The album kicks into gear with the savage instrumental One Of These Days. Howling wind sets the tone as a pulsing doubled bass line (complete with tape echo) pumps along. Intensity grows with organ stabs, reversed cymbal rolls, and fierce slide guitar. After a creepy bass interlude, Nick Mason makes his (distorted) vocal debut with "One of these days I'm going to cut you into little pieces!!" and slams the song into overdrive. Pounding drums and stinging slide guitar dominate for the next two minutes until nothing but wind remains. It is here that (appropriately enough) the gorgeous ballad, A Pillow Of Winds picks up. Made up of acoustic guitars and sparse bass, this is a beautiful floating piece that takes advantage of Gilmour's tranquil vocals. This gentle mood is held through Fearless, a relaxed mid-tempo summer breeze of a song, again driven by Dave's voice. San Tropez and Seamus show off the Floyd's eclecticism as well as humor. The former invokes a bouncy cocktail lounge jazz feel, while the latter stars Steve Marriot's dog Seamus who "sings" along with Gilmour on some acoustic blues.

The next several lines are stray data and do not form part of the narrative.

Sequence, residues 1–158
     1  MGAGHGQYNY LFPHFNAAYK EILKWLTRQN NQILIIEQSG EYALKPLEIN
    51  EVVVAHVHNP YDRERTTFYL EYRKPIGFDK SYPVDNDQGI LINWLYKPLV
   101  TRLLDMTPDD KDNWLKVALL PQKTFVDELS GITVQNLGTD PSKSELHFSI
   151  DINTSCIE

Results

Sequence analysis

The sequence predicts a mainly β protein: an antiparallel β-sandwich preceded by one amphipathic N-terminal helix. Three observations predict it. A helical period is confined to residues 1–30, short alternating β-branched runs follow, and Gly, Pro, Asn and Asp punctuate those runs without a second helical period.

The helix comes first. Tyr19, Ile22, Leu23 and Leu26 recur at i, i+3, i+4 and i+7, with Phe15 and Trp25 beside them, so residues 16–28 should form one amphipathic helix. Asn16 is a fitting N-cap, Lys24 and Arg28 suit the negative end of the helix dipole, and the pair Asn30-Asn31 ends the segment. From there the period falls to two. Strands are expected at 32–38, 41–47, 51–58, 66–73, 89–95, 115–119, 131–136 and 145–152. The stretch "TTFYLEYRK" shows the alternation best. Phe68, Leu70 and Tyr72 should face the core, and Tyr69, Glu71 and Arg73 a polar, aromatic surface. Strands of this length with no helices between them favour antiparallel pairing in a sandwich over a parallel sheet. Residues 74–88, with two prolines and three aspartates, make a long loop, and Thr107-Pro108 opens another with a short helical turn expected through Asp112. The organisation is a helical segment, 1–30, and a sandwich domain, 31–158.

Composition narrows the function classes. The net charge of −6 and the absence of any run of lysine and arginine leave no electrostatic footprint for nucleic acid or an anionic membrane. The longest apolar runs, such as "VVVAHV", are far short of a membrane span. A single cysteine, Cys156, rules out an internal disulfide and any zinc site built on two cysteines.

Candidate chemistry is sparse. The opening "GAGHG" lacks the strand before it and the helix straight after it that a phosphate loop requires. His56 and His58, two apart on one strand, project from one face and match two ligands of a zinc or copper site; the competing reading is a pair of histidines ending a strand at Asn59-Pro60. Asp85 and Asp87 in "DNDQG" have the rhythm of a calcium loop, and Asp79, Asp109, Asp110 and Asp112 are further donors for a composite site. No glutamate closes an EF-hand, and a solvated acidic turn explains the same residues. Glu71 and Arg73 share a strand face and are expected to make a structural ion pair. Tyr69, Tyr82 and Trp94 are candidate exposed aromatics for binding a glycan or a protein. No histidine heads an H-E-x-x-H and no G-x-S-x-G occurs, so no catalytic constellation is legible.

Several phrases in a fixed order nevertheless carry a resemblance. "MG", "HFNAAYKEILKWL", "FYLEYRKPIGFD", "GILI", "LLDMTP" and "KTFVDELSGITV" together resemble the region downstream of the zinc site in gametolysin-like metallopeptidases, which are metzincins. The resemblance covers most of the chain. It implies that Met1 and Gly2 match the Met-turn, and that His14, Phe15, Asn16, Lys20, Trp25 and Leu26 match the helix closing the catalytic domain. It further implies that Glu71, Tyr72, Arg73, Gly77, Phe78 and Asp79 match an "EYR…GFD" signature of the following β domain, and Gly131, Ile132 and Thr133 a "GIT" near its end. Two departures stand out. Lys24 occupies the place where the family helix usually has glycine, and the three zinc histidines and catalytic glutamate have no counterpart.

And then there's Echoes. 31 years later, this epic sound journey stands as one of the band's greatest achievements.
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89 of 93 people found the following review helpful By FloydWaters on August 24, 2003
Format: Audio CD
Before The Wall, before Dark Side of the Moon, Pink Floyd created a very different kind of masterpiece. While their later albums were a triumph of concept, it is on Meddle where one can hear the *musical* peak of Pink Floyd's career. This is not a concept album--it is a musical journey showing off a variety of musical styles. The lyrics do not demand--they suggest, and allow the music to do the rest of the talking. Perhaps the most wonderful thing about Meddle is the fact that the band was truly functioning as a *band* here. Everyone's talents can be clearly heard, and no one shouts anybody else down.